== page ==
Shoulders are a vital part of our everyday life and almost every sport. What a nagging feeling we can get when injury occurs. And with strong, stable shoulders, we can accomplish so much.
For now, we will focus on the rotator cuff. I cannot in good conscience talk about another part of the shoulder until the rotator cuff is strong and working properly! I can’t!
The rotator cuff is a group of four muscles. The infraspinatus and teres minor help to externally rotate your humerus (your upper arm bone). This means the bone is rolled toward the back of the joint.
The supraspinatus lies on top of the scapula (shoulder blade) and helps to begin lifting the humerus and holds this bone in a resting position (when it’s still). The subscapularis muscle is behind the scapula and internally rotates the humerus, meaning it rolls the bone forward in the joint.
When they are all active and working properly, they keep the humerus in the centre of the joint and allow smooth movement. You can do so much more with a stable shoulder, and your chance of injury is much less.
The rotator cuff is often injured when the arm is outstretched and holding weight. Even reaching into the back seat of the car and lifting a light object can hurt if the muscles don’t function well. Lifting something too fast or not in good posture can also hurt your rotator cuff.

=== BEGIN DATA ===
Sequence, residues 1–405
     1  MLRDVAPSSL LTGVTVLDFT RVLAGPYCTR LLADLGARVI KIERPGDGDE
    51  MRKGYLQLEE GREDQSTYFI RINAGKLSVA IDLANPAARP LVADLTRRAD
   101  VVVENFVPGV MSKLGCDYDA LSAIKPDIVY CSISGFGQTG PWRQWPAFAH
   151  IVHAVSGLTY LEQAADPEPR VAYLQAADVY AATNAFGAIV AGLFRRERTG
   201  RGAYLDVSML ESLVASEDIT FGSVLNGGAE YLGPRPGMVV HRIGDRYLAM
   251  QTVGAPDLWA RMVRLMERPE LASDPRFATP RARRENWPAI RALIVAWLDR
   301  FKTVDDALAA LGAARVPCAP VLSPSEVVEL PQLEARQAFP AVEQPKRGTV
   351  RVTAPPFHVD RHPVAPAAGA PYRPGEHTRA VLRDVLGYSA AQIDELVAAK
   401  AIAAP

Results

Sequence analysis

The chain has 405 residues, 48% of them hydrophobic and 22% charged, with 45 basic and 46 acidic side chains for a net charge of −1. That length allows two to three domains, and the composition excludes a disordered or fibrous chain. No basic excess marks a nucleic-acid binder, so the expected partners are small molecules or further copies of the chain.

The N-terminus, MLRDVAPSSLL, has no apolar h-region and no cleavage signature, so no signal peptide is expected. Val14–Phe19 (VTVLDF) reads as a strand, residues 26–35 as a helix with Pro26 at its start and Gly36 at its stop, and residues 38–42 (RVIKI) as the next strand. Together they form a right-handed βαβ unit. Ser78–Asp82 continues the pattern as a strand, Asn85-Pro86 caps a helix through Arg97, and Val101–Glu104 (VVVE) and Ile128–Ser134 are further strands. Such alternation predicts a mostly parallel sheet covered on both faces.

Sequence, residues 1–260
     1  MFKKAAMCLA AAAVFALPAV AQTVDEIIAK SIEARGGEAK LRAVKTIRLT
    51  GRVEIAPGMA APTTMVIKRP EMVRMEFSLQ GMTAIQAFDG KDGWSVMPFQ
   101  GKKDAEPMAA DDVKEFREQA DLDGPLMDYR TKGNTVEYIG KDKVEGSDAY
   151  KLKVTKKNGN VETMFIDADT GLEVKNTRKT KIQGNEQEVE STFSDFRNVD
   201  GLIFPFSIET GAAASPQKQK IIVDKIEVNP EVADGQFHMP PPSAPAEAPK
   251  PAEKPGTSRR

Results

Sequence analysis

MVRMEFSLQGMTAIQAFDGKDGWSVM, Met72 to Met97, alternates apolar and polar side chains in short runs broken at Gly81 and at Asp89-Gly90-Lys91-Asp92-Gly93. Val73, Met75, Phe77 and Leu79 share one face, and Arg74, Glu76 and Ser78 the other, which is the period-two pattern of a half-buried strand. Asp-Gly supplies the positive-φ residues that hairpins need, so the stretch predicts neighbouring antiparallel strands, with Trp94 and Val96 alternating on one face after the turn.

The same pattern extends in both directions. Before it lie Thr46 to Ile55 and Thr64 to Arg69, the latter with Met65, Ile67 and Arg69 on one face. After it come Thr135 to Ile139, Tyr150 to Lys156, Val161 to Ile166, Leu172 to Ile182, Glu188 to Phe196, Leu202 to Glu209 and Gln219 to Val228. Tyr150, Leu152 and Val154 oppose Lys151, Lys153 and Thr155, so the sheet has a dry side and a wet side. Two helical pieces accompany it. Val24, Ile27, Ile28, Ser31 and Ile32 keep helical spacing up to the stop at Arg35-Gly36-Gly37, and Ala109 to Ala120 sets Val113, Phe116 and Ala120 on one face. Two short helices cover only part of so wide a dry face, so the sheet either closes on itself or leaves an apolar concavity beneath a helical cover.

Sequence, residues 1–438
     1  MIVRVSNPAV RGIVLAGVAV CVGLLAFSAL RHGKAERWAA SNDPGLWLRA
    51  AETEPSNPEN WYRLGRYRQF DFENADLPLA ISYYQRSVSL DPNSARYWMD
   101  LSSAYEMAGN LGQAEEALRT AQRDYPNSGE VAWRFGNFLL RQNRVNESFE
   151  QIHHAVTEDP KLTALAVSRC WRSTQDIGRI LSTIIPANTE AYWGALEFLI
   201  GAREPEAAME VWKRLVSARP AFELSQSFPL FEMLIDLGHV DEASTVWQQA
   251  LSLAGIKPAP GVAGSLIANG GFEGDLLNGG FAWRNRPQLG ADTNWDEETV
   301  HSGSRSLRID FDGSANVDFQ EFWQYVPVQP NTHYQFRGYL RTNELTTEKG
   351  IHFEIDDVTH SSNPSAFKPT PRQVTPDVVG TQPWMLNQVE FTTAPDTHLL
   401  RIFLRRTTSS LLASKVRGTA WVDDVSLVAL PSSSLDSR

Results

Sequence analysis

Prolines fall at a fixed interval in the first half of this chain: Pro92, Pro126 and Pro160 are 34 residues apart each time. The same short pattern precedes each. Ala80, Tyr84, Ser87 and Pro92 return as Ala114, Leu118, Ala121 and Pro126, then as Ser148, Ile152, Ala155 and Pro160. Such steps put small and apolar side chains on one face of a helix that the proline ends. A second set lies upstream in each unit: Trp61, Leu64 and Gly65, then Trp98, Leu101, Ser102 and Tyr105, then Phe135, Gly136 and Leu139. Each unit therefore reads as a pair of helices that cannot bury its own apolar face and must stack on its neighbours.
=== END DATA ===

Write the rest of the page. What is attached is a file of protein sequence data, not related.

General wear and tear on your shoulder can cause breakdown, as well. Old sports injuries can come back to haunt us.
The most common place to feel pain is in the side of the arm, in the deltoid. This generally means that this muscle is overworking to compensate for the underactive rotator cuff, specifically the supraspinatus. An achy arm can really benefit from training the rotator cuff, without even touching the arm.
I strongly encourage everyone to work on their rotator cuff for either pre-hab (prevention of injury) or rehab. Any shoulder injury can benefit from working this group of muscles. I like to make sure they are either part of the warmup or performed one to two times a week as part of an exercise routine.
In the video you will see the basic exercises, as well as some advanced versions. These exercises are very specific and require concentration. I also added exercises for keeping the shoulder blade moving smoothly. A tremendous bonus for any sore shoulder.
Posture is key when it comes to the shoulder. Shoulders that sit forward are prone to injury. The upper back also becomes overstretched and the ribs are not in optimal alignment for good breathing.
To compensate for the forward shoulder position, the neck must realign to maintain good eyesight. So you can see, having good shoulder positioning can help with upper back and neck pain. Focusing on the rotator cuff can help keep the shoulder in a secure place, and prevent the domino effect throughout the body. Once you have a stable shoulder, you can work on getting boulders for shoulders.